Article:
|XII, 5||<<||Chateaubriand's memoirs||>>||XIII, 1|
- London, April to September 1822.
I began to turn my eyes towards my native land. A great Revolution had occurred. Bonaparte, having become First Consul, was re-establishing order by despotism; many exiles were returning; the noble émigrés, in particular, were hurrying to gather in the remainder of their wealth: loyalty faded at the head, while its heart still beat in the breasts of a few half-clothed provincial gentlemen. Mrs Lindsay had departed; she wrote to Auguste and Christian de Lamoignon telling them to return; she also extended an invitation to Madame d’Aguesseau, their sister, to cross to France. Fontanes summoned me, to complete the printing of Le Génie du Christianisme in Paris. Though full of memories of my country, I felt no desire to see it again; gods more powerful than the paternal Lares held me back; I no longer had possessions or sanctuary in France; my motherland had become a bosom of stone to me, a breast without milk: I would not find my mother, brother or sister Julie there. Lucile was still alive, but she had married Monsieur de Caud, and no longer bore my name; my young widow had known me through a union of only a few months, through misfortune and an eight-year absence.
Left to myself, I do not know if I would have had the strength to leave; but I saw my small circle breaking up; Madame d’Aguesseau offered to take me to Paris: I allowed myself to go. The Prussian Minister procured a passport for me, under the name of Lassagne, a resident of Neuchâtel; Dulau and Co ceased printing Le Génie du Christianisme, and gave me the sheets that had been composed. I separated the sketches of Atala and René from Les Natchez; I placed the rest of the manuscript in a trunk and entrusted its transit to my hosts in London, and I set out en route for Dover with Madame d’Aguesseau: Madame Lindsay waited for us at Calais.
Thus I left England in 1800; my heart was otherwise engaged than it is at the time of writing, in 1822. I brought nothing back from the land of exile but regrets and dreams; today, my head is full of displays of ambition, politics, and Court splendours, so ill-suited to my nature. What events pile up in my present existence! Go on, gentlemen, go on; my turn will come. I have merely unrolled a third of my life before your eyes; if the trials I endured weighed on my springtime serenity, now, entering a more fruitful time, the germ of René will develop, though bitterness of a different kind will be blended with my narrative! What will I not have to tell you, in speaking of my country, of her revolutions, of which I have already shown you the initial outline; of that Empire and the colossus whose fall I saw; of that Restoration in which I played so large a part, glorious as it is today in 1822, but which nevertheless I see only through a kind of fateful mist?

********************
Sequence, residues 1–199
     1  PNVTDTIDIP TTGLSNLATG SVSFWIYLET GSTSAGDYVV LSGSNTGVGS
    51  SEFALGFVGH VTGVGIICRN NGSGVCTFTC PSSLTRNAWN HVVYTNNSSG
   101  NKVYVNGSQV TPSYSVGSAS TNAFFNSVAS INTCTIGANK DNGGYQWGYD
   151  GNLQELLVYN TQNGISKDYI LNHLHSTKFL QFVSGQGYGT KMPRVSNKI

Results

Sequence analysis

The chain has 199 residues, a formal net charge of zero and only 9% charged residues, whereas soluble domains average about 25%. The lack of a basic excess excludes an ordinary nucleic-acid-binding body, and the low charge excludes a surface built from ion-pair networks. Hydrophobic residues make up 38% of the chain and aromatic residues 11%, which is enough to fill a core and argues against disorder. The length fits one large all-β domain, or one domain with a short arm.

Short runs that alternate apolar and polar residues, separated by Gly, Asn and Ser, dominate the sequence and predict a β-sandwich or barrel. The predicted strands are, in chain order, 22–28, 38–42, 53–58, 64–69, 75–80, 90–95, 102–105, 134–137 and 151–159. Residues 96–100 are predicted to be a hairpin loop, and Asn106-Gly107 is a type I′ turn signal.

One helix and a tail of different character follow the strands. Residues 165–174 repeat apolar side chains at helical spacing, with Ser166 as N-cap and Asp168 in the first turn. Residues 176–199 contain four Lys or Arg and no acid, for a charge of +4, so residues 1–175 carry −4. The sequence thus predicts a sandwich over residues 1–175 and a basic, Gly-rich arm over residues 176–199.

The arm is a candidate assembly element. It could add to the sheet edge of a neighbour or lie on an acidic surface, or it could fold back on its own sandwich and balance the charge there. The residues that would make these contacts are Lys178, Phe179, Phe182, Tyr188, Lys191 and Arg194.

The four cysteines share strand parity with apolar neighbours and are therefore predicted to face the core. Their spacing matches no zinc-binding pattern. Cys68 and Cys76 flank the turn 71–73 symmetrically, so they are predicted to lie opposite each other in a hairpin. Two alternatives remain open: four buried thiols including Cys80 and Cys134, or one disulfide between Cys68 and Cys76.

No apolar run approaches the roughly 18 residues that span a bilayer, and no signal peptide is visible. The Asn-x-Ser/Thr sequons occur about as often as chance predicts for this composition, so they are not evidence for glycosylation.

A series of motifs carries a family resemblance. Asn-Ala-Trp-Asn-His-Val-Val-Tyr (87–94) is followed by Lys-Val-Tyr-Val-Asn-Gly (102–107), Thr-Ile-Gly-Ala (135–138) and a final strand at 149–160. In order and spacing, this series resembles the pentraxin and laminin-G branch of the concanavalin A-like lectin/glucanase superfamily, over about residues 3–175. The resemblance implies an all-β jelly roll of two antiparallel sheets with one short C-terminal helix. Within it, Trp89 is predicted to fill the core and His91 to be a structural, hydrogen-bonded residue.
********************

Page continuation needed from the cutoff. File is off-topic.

Here, I end this twelfth book, which has brought me to the spring of 1800. Arriving at the end of my first career, the career of a writer opens before me; from a private man I am about to become a public man; I am leaving the silent virginal sanctuary of solitude to enter the noisy, dusty cross-roads of the world; broad daylight will illuminate my life of dreams, light will penetrate the kingdom of shadows. I cast a tender glance over these books which enclose my unremembered hours; I seem to be saying a last goodbye to my paternal home; I take leave of the thoughts and chimeras of my youth as of sisters, as of sweethearts I am leaving by the family hearth, never to see them again.
We took four hours to cross from Dover to Calais. I slipped into my country protected by a foreign name: doubly hidden beneath the obscurity of the Swiss, Lassagne, and my own, I entered France with the century.